Sinead Younge, PhD, Community Science Managing Associate
This summer, I had the privilege of volunteering at the Sera Jey Monastic University as a volunteer with the Emory University Tibet Science Initiative (ETSI). The Sera Jey Monastery follows a centuries old tradition and culture dating back to its founding in Lhasa, Tibet. During a 1959 revolt against the Chinese occupation, colleges at the original Sera Jey in Lhasa were destroyed. The Indian government generously provided currency in the form of land and grants for many of the surviving Tibetan monks to reestablish some of their monasteries in India under the spiritual guidance of His Holiness the XIV Dalai Lama. Today, the Sera Jey Monastery in Bylakuppe, India, houses over 3,000 monks and nuns and is located within a thriving, protected Tibetan settlement comprised of over 70,000 Tibetan expatriates where individuals and communities work through collective action to strengthen community, maintain Tibetan culture, and promote well-being.
In 2007, His Holiness the XIV Dalai Lama was named presidential distinguished professor at Emory University. In 2006, a strategic plan to promote the convergence of science and spirituality was implemented. The science faculty at Emory University began work on the development of a science education curriculum that would be appropriate for Tibetan monastics in order to build a connection between two complementary systems of knowledge by educating future scientific collaborators who can contribute to new discoveries in the science of mind and body. ETSI is designed “to give Tibetan monastics new tools for understanding the world, while also providing them with fresh perspectives on how to employ and adapt time-tested, Buddhist, contemplative methodologies for the relief of suffering in the contemporary world.”1 Faculty members from Emory and other distinguished universities teach courses at the monasteries. Students are in class for six hours per day and are tested on the last day of each course. Classes are comprised of lectures, discussion, demonstrations, and hands-on experiments.
As a community psychologist and program evaluator, I thought a lot about the five Cs of community during my stay at Sera Jey.2 There was a strong sense of community within the monastery and surrounding communities. I met monks who were born as exiles in India and others whose desire to have control over their own destinies and fulfill their desires to become monks or nuns was so strong that they made lengthy, treacherous (and for some, fatal) journeys (many on foot) from Tibet and other countries such as Bhutan and Nepal, to name a few. The monastery also employs workers from the local Indian villages, and I had the opportunity to meet a precocious, but sweet, Indian boy of about four, whose mother worked at the guesthouse where I stayed. This little boy spent so much time hanging out with the monks that he has learned Tibetan. At the monastery, community is also experienced with the surrounding Tibetan lay people where the Tibetan language, education, worship practices, and holidays have been maintained, and residing at the monastery and in the surrounding communities, there remain holders of the memories of pre-1959 Tibet to help maintain that shared historical and emotional experience.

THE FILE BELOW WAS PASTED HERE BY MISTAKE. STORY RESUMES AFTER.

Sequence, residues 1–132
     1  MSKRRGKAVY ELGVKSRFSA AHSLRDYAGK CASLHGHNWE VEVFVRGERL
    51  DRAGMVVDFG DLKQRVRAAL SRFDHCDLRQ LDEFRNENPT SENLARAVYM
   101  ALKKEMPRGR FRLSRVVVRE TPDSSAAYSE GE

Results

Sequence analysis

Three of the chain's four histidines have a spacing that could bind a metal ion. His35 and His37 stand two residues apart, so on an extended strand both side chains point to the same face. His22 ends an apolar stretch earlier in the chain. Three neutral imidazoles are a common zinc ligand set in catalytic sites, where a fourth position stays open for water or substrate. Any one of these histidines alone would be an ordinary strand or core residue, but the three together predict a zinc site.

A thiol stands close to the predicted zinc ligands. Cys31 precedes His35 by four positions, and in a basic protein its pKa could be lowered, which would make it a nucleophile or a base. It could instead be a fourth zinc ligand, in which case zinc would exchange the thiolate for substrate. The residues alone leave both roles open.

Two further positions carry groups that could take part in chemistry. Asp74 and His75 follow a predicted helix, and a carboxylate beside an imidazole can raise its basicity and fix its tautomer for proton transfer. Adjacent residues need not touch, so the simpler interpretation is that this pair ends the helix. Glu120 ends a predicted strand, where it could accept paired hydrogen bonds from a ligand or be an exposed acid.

The sense of community is universal yet is experienced in many different forms. It is rare that an individual can be introduced to a new community and feel an almost immediate connection and sense of belonging; however, this was exactly my experience while volunteering at Sera Jey. I now miss the sounds of pujas in the evenings, raucous debates, and monks’ laughter filling the evening air. In a 2013 visit to Australia, His Holiness the XIV Dalai Lama discussed community. He stated, “A sense of community is in fact essential because we have to work together. We need to adopt a more holistic view that takes others into account. What really brings people together is trust, which leads to friendship and cooperation. This is why religious traditions stress the need for love and, to complement it, tolerance and forgiveness. To meet our own interests, we need to be concerned about others. Because we live in a multicultural, multireligious world…”
2 Chavis, D. (n.d.).Strategic factors for building community: The five c’s community, connections, control, cash, & collective action. Campaign Consultation Incorporated. http://www.communityscience.com/pdfs/Five%20Cs_layout.pdf